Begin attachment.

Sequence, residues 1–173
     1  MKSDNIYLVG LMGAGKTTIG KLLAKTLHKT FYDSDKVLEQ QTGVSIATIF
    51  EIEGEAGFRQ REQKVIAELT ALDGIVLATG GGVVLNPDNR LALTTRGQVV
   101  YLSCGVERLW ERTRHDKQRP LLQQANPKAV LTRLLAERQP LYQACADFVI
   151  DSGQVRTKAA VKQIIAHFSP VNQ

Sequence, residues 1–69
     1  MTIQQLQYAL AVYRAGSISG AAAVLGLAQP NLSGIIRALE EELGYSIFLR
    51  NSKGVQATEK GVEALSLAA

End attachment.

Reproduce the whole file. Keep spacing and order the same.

Sequence, residues 1–173
     1  MKSDNIYLVG LMGAGKTTIG KLLAKTLHKT FYDSDKVLEQ QTGVSIATIF
    51  EIEGEAGFRQ REQKVIAELT ALDGIVLATG GGVVLNPDNR LALTTRGQVV
   101  YLSCGVERLW ERTRHDKQRP LLQQANPKAV LTRLLAERQP LYQACADFVI
   151  DSGQVRTKAA VKQIIAHFSP VNQ

Sequence, residues 1–69
     1  MTIQQLQYAL AVYRAGSISG AAAVLGLAQP NLSGIIRALE EELGYSIFLR
    51  NSKGVQATEK GVEALSLAA